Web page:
7 Things It’s Time to Reveal After 7 Marathons

Seven Things Its Time to Reveal After Seven Marathons

About a month ago, I wrapped up the Indianapolis Monumental Marathon finishing with a negative split on the second half marathon of the race, while dropping a 6:15/mile pace from mile twenty five on in. As usual, the experience was amazing not because of the successful finish time, but because of how I felt and the way I stayed in my head the entire race. I’ve been heavily involved in endurance sports since 2010 so I’m no rookie, but this seventh attempt at the marathon distance marked the race where I finally dialed everything in. I had control. There were no questions. I was prepared for every single step of the race. This feeling in no way happened overnight…

It’s taken four years, a string of injuries which included lower back pain, IT band syndrome, knee tendonitis and a stress fracture to knock some sense into me. My high mileage training was accompanied by a diet heavily concentrated on carbohydrates and processed foods, yet now I find myself completely focused on lean proteins, healthy fats and vegetables, while only putting in no more than twenty miles a week in training. I’ve experienced a drastic change in my run technique, one that will lead to a lifetime of successful injury-free running. I’ve followed this path so far that I’ve switched careers to share what I’ve learned and Coach individuals on this evolving endurance method. Putting in countless hours of testing to this lifestyle-based approach to endurance training has not been easy but it has been fun. It’s exciting to be training different than most, yet it’s revealed plenty…

#1 Human Movement Will Never Lie

Unless you’re hit by a car or shoved off your skateboard (this once happened to me in college) injuries are a result of deviation from proper human movement. If you feel pain during or after running, you’re not running functionally. To date, run technique is rarely taught to endurance athletes. Strap on the shoes, head out the door for your run and you’re good to go. Do you know how many times your foot hits the ground over the course of a mile? 2,000. Add that up with three times your body weight on each strike and it should be obvious why incorrect movement leads to injury. This doesn’t just go for running.

#2 Think Quality Training Over Quantity

Once you’ve run 26.2 Miles once, what’s to say you can’t do it again? My first marathon was Thunder Road in Charlotte, NC. I trained hard and often hitting close to forty plus miles per week. I felt beat up, knew nothing about run technique, hit many road blocks that haulted training and came down with injuries I’d never seen before going after this goal. Don’t get me wrong my first results were great, a Boston BQ in a time of 3:06, but at what cost to my body and lifestyle?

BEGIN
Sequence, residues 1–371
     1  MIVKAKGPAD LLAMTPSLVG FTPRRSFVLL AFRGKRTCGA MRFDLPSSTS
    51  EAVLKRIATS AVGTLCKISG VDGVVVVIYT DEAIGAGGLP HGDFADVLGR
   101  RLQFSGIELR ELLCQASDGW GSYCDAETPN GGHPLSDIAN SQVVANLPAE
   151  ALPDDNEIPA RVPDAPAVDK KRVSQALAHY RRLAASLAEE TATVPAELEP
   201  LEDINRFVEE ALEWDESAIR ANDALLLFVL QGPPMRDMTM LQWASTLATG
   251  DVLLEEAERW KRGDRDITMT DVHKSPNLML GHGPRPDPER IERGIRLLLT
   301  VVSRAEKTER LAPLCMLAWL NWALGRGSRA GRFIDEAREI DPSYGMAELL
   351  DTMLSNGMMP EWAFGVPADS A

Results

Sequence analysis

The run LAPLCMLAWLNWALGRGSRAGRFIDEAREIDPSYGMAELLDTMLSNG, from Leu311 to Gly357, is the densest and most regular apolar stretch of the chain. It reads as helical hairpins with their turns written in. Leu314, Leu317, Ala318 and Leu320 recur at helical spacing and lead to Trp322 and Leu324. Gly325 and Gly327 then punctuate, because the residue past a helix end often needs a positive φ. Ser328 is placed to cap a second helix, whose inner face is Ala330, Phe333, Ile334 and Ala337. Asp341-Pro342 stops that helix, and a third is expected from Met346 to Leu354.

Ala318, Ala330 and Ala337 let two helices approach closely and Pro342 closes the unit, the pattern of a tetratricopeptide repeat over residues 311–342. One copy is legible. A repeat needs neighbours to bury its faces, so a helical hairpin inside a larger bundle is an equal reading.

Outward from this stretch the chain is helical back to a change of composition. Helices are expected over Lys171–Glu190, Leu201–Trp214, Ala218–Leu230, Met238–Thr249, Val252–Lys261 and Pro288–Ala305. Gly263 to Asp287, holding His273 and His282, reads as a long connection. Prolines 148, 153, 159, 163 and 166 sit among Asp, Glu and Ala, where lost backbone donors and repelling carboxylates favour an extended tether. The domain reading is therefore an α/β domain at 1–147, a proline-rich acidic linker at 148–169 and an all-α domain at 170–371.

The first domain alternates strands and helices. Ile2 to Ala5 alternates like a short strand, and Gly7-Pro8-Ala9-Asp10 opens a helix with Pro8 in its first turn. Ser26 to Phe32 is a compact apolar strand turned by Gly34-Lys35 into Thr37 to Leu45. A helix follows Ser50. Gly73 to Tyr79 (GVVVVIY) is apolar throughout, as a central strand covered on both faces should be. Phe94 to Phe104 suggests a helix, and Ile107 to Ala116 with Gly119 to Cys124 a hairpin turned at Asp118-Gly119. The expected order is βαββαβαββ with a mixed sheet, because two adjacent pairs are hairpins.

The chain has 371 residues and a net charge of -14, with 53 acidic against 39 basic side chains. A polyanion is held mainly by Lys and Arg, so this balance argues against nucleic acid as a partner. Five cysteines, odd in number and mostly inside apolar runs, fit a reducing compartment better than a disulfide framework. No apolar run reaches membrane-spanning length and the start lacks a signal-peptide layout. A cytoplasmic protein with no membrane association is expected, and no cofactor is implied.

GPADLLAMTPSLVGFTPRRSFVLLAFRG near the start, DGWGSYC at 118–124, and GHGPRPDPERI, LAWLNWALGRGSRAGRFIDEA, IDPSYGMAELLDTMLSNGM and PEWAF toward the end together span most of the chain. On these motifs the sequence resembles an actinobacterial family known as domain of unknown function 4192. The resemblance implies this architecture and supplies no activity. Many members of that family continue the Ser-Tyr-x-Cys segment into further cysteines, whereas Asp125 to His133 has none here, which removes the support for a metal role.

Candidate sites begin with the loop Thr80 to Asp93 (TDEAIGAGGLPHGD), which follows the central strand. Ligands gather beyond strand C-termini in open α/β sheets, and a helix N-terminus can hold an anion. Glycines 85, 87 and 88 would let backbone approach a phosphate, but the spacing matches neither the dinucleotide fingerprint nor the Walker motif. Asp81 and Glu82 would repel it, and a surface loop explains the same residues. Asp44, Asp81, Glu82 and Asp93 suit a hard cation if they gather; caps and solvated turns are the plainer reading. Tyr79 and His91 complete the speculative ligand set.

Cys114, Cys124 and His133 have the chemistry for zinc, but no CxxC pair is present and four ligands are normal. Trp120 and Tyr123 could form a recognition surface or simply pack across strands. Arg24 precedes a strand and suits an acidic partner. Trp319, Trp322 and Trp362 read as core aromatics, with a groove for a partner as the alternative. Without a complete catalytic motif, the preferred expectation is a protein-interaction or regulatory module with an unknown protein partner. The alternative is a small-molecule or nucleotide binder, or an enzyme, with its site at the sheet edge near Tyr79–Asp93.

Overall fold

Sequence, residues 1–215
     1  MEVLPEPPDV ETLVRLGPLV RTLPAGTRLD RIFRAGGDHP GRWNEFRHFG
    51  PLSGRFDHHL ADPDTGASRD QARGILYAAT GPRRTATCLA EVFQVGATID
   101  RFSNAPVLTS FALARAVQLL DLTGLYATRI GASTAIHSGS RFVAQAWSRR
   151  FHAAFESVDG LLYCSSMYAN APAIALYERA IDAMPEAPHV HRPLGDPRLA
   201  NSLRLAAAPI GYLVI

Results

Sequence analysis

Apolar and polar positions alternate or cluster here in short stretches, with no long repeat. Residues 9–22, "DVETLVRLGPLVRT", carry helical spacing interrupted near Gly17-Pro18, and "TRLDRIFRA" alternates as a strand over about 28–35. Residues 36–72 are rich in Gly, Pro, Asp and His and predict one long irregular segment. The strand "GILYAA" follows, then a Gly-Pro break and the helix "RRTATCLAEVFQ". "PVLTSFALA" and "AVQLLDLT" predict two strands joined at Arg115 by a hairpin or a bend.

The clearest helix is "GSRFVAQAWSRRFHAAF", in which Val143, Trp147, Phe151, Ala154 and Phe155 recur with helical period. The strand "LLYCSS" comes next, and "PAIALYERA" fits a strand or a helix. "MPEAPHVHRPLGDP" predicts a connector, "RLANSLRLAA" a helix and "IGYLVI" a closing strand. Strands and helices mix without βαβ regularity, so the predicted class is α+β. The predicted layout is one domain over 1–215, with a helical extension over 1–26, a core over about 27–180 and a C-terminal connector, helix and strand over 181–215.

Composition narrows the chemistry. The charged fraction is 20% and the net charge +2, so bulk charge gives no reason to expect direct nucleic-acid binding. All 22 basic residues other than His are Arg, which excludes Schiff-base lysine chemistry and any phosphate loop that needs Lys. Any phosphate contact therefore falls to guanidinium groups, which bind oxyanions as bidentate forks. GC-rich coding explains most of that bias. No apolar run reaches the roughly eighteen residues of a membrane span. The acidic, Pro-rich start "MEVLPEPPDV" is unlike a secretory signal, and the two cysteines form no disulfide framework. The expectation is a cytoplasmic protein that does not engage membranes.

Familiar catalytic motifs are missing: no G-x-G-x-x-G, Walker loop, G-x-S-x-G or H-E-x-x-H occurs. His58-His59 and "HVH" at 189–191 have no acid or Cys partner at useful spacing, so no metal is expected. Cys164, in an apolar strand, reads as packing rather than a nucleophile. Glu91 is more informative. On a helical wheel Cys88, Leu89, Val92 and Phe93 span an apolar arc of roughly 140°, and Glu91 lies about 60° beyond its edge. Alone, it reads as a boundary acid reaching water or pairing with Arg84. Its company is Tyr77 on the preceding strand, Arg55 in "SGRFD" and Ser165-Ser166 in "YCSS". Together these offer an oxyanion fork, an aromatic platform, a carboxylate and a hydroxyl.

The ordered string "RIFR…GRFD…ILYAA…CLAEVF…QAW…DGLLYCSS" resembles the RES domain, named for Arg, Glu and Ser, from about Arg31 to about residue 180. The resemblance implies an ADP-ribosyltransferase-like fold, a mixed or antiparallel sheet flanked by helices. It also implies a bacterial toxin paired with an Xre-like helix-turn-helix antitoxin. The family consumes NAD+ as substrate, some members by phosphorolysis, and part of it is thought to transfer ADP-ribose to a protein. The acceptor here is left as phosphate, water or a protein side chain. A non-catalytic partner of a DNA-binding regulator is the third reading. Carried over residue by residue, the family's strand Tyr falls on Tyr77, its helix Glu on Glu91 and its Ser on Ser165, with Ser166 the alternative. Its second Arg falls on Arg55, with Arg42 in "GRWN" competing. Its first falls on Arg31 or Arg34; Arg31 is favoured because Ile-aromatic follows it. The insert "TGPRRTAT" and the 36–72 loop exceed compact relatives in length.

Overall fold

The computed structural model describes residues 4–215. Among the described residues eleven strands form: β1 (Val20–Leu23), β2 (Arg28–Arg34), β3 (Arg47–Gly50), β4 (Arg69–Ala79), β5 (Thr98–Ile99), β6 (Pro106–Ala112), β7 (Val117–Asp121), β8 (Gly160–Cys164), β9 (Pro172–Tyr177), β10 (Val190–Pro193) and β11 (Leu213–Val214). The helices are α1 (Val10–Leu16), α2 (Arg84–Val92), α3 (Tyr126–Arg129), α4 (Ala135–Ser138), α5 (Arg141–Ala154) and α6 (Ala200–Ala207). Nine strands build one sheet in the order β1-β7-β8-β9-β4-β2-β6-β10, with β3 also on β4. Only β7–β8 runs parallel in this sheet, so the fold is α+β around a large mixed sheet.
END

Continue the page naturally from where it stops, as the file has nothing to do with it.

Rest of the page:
Flash forward to 2014, where one month ago I ran the Indianapolis Monumental Marathon in a time of 2:51:49, gas in the tank for more and with only eighteen miles at peak training week I couldn’t have been happier. I averaged close to fifteen miles throughout training, not so much due simply to program design, but the time available within my busy life. What I can tell you is that every single hour had purpose. There were no “recovery” runs to be found, but purposeful interval and strength days designed to cut my training in half. You don’t need as much time as you think you need. It just depends how you’re using your time.

#3 Durability Isn’t Made on the Streets

How you move and the quality of your training determines if you will withstand injury. Part of a quality training program, includes strength and conditioning, at least that’s what I’ve found. There are many runners out there who just want to hit the streets because it gives them their “fix” but what happens when that “fix” is taken away? Do you stick to the same method that sent you to the bench? As a young runner, I was banged up twenty-four seven, tired and severely run down on heavy training weeks. Training for the Monumental wasn’t like that at all. I was able to spend lots of time with Lindsay, the love of my life and still compete at a high level. I’ve found out that the best thing I could have ever done was walk into CrossFit Hilton Head. It changed my perspective on life, training and ultimately my career. I’ve figured out that if I want to run the rest of my life and withstand the pounding of endurance sports, strength training is a must. Up in Indy, I felt tall, strong and fit the entire way. When I think about my muscle soreness the next day, it was next to nothing compared to the marathons I used to do with little to no strength training. I’ve gone from 145pounds to 165pounds in making the transition yet oddly enough my times are still getting faster. Forget racing weight, think durability.

Develop Consistent Mobility Habits

If you had asked me four years ago to perform SMR daily, I would have looked at you with two heads. First off, I would have been confused regarding the three-letter acronym, and secondly I would have told you I don’t have enough “time” to work that into my training. Dr. Kelly Starrett, the Doctor of Physical Therapy who put self-myofascial release on the map, recently published a book called Ready to Run. It details twelve functional standards which all runners can use to assess their state of readiness to run. This book is a must read for anyone who thinks they don’t have enough “time” for mobility.